I understand they noise and will drift over time. We would like to just use one for measuring short distances in auto mode. So we are fine with reseting the accumulators and measuring 3 feet.
What we are having trouble with is getting any usable infromation out of the device. We have tried sampling the readings at the start and applying the average to get the reading “centered”. But event then we seem to get alot of drift.
We have been struggling with this for some time. We are currently using the I2C and this years accelerometer, but are now thinking we may need to got with one of the analog ones to more effectivly filter the signal.
I have search high and low for soem example code and have not found much, any ideas of samples from this group?
In general I’d take a look at the examples - there are several for accelerometers. But if I were measuring distance, I’m not sure I’d pick an accelerometer. Once you get good acceleration readings, you would then have to integrate once over time to get velocity, and then integrate velocity over time to get distance. That works great in physics class, but is a bit tricky in the real world. Have you considered using an encoder for measuring distance?
Early on we did some testing with accelerometers - it was difficult to simply measure velocity, let alone distance.
Yes, considered encoders, but with mecanums and traveling any direction, I’m not sure they would be very accurate ether. The any direction part makes an idler hard and the mecanum slip make encoders on the transmission hard.
If you only want your robot’s forward velocity, mount your accelerometer with the sensitive axis pointing forward, then you can do an average of a number of them to give you average acceleration over a time, then integrate based on that. For 15 seconds of autonomous, it should be stable enough.
We’re using the kit 3-axis accel over I2C and set that up to measure at 200Hz (200 samples/sec), which we then accumulate 10 samples to integrate. The output is velocity at 20Hz. I added a little “distance traveled” item for our autonomous that integrates this 20Hz velocity to distance, with a reset flag that sets it back to 0. This allows for “drive forward 3 feet, turn 90*, drive forward 10 feet” style autonomous as you can reset the distance traveled after the turn.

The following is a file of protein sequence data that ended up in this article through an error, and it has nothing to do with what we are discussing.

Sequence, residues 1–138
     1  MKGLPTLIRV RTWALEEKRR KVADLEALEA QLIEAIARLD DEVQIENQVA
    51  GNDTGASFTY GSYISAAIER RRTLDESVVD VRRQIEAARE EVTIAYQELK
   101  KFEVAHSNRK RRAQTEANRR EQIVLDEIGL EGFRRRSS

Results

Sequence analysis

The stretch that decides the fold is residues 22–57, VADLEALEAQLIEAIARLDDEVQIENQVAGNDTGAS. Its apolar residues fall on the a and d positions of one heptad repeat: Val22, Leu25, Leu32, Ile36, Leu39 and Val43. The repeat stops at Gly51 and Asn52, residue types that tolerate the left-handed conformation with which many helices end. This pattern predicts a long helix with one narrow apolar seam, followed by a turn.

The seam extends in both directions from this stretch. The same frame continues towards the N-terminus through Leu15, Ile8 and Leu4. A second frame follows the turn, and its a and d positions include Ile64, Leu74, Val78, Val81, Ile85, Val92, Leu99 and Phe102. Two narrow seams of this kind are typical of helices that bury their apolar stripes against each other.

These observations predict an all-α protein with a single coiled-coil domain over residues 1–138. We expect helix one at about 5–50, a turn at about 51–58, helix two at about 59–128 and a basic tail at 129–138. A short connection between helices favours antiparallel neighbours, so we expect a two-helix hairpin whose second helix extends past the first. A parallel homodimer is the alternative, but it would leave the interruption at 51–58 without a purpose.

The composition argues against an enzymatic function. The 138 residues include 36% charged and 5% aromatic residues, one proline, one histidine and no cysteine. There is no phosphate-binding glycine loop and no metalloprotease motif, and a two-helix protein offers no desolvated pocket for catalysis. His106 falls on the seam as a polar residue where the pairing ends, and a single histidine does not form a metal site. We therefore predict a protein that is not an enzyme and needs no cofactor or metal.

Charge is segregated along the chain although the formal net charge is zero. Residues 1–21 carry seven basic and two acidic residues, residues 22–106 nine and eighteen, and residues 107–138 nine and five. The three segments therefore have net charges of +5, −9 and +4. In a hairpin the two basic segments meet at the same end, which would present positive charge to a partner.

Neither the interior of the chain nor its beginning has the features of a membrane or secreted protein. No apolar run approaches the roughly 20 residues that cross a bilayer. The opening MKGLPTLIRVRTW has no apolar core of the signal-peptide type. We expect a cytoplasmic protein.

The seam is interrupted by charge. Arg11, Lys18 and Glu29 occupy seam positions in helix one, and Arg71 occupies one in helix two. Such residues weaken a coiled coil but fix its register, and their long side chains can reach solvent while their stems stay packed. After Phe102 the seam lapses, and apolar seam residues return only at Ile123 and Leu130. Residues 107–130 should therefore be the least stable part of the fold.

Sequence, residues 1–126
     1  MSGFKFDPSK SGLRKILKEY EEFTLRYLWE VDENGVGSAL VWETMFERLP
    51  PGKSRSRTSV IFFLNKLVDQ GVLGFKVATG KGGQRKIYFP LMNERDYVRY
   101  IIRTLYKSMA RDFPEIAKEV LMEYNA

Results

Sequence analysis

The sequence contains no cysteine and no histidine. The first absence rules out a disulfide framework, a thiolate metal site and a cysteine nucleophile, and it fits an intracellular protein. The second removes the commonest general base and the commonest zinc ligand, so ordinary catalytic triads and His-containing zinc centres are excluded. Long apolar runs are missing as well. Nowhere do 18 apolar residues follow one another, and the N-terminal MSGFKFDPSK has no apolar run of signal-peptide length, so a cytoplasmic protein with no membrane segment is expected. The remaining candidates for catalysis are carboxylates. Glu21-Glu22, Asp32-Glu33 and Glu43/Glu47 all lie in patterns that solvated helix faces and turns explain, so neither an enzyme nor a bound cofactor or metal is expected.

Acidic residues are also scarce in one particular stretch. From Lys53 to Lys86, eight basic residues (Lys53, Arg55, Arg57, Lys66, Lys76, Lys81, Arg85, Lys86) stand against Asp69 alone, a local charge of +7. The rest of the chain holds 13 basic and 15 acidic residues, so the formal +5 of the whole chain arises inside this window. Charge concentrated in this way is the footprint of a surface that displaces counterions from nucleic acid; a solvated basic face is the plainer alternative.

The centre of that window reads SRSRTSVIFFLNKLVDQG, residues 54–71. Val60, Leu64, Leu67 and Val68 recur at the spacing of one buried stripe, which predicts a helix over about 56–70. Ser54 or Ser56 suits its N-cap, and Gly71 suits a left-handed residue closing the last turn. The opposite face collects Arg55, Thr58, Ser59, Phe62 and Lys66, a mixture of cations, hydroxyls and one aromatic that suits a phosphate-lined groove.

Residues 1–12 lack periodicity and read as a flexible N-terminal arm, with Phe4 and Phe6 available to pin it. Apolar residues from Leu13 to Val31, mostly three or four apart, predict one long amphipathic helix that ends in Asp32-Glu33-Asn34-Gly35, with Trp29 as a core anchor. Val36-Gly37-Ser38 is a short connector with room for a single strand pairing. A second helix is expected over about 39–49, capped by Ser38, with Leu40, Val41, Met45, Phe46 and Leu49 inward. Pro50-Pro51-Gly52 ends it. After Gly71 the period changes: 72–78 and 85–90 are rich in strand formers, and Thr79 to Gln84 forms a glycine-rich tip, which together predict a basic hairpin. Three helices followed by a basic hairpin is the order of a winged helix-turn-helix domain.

Thanks, this helps. Are you using a timed loop or just delays in the code to get the timing you want.
So sounds like you are capturing acceleration 200 times per second. Then you are averaging every ten of them and multiplying by .05 to get velocity at 20Hz. I am guessing you are multiplying again to get distance traveled in the .05 of a second. Then you are accumulating that distance to get total traveled.
Do you have any sample code I could let the team look at?
If you truly want to measure distance with an accelerometer you need to be aware of one major obstacle, gravity sucks!
I know, that is a bit obtuse, but my point is, gravity will play a huge factor in getting accurate measurements. You see, if the accelerometer is even the slightest bit unlevel, gravity will be adding or subtracting from the values collected from the accelerometer. On top of that, if the mounting mechanism is not completely stable, with respect to the ground, then gravity’s effect on the values will not be constant. So, as you might imagine, gravity will not be your friend if you try to take this approach.
Please do not let me discourage you with this posting, it is only meant to make you aware that while measuring distance with an accelerometer is theoretically possible, it’s accurate implementation is far from simple.
This is true, but if you’re tracking your robot’s attitude (heading, pitch, and roll) you can compensate for that. We have that in our code, and it even “calibrates” itself on startup by reading the current gravity.
dwodrich, I do have sample code for you, except it’s a mess right now since we’re having to rewrite it a tad to reduce complexity. When some of the students can’t follow what’s going on I know I’ve got a problem.